The world is always a very dangerous place. Innocent people are suffering and dying at the hands of violent thugs wherever you look, from Syria and Iraq to Nigeria and Mexico. Most of us feel helpless to stop it. Even with a strong Israel to defend the Jewish people, there’s uncertainty about the outcome of Israel’s situation with Hamas, mounting pressure from the US and the UN, and the global rise in anti-Semitism cloaked as anti-Zionism. These would be valid concerns at any time, but today feels a bit more ominous because of the timing.
Historically, this time of the year is a period of danger, mourning and refrain for the Jewish People known as the “Nine Days.” These days commemorate the sorrowful final lead up to the Ninth of Av (Tisha B’Av), a date of historical infamy on which numerous tragedies befell the Jewish People. It is said that both the First and Second Holy Temples were sacked on that date. Among other tragedies to fall on this date, the Bar Kochba Revolt was brutally crushed by the Romans, the Jews were expelled from England in 1290, and again from Spain in 1492. Additionally, World War I, which led directly to World War II and the Holocaust, began on that day. Most chillingly perhaps, it was also the day that the Nazis formally approved “The Final Solution.” Sadly, Tisha B’Av has a way of making itself dreadfully relevant for the Jewish nation [and the world].
As an aside, it may be of some interest that Israel’s unilateral disengagement, or self-extrication from Gaza, was delayed in 2005 so as not to coincide with the Nine Days and instead began on the 10th of Av. Yet this date too is meaningful as, while the Temple was set ablaze on the 9th, it burned for two days and Jews therefore refrain from certain comforts on the 10th as well. In fact, the entire month of Av is considered bad luck in Jewish tradition. Considering the current fallout and looking back, setting the timing of disengagement to coincide with such a period of bad luck is just a bit unsettling. Whatever side of the political fence you’re on, it is clear that Israel’s Gaza disengagement facilitated the conditions that led directly to the current fighting, suffering and deaths of far too many people today.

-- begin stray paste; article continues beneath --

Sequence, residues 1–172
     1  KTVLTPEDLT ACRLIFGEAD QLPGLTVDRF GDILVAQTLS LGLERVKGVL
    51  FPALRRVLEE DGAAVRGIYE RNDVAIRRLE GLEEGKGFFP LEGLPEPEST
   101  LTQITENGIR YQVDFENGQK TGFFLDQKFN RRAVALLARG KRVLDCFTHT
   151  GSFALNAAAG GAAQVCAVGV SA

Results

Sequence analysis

This year, the lead up to Tisha B’Av is an especially difficult time for those mourning Israel’s fallen and those in Israel living under constant threat. This year, the sorrow is not a distant collective memory. We don’t need a reminder to mourn because our mourning is fresh, our uncertainty is real and the atmosphere around us truly matches that of the Nine Days. But Tisha B’Av is less than a week away and with it has sometimes come new misfortune. But I choose to be optimistic about the future.
It is said that the last Holy Temple was destroyed because of baseless hatred that tore apart the Jewish People within their homeland. Today, I see quite the opposite. I see strong unity and positivity among Jews when it comes to their love and defense of each other and of their homeland. As individuals and as a nation, when we choose to be positive, work together, and hope and pray that goodness will prevail, we are all stronger, even during tough times. Let us hope that we have seen the worst and that things get better from here. Let us hope that the current unity of Israel and the Jewish people continues to lead to positivity, strength and peace, not just for Israel, but for people all around the world. With less than a week left until Tisha B’Av, let us pray that we never have to add another catastrophic event to the infamous 9th of Av list.
Am Yisrael Chai!
Israeli Flag Star of David pendant.